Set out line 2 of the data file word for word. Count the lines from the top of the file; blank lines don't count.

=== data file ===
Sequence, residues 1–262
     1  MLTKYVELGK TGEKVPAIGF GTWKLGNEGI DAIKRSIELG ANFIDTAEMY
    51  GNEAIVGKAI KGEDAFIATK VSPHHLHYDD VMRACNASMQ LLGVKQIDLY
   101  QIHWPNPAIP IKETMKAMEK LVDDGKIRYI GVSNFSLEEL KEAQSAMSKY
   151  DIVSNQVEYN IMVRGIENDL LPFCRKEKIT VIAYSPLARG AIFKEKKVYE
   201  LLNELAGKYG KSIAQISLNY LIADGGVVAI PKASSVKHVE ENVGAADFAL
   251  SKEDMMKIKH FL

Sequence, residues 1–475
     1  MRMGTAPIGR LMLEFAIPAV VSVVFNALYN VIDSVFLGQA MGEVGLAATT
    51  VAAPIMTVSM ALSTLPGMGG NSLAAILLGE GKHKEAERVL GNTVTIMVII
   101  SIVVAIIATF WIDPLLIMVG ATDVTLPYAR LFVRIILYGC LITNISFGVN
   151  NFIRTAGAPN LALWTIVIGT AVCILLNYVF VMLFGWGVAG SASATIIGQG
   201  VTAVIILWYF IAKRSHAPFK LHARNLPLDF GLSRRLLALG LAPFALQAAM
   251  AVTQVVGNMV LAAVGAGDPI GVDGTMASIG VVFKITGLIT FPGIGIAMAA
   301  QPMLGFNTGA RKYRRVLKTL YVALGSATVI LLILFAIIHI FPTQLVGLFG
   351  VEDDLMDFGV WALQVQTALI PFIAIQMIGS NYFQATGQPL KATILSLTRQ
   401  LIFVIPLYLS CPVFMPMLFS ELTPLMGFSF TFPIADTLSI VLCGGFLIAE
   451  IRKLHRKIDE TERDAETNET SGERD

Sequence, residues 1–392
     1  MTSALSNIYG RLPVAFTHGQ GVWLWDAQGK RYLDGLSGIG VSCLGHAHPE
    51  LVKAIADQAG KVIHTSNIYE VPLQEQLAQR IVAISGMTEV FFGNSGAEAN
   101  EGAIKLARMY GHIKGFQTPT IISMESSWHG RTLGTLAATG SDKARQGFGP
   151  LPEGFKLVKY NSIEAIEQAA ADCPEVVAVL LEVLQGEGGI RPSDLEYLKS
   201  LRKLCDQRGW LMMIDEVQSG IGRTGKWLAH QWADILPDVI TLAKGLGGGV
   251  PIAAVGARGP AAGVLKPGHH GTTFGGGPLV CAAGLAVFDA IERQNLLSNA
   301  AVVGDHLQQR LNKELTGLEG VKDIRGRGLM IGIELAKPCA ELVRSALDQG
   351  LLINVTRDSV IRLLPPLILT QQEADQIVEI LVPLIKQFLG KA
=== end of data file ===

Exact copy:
     1  MLTKYVELGK TGEKVPAIGF GTWKLGNEGI DAIKRSIELG ANFIDTAEMY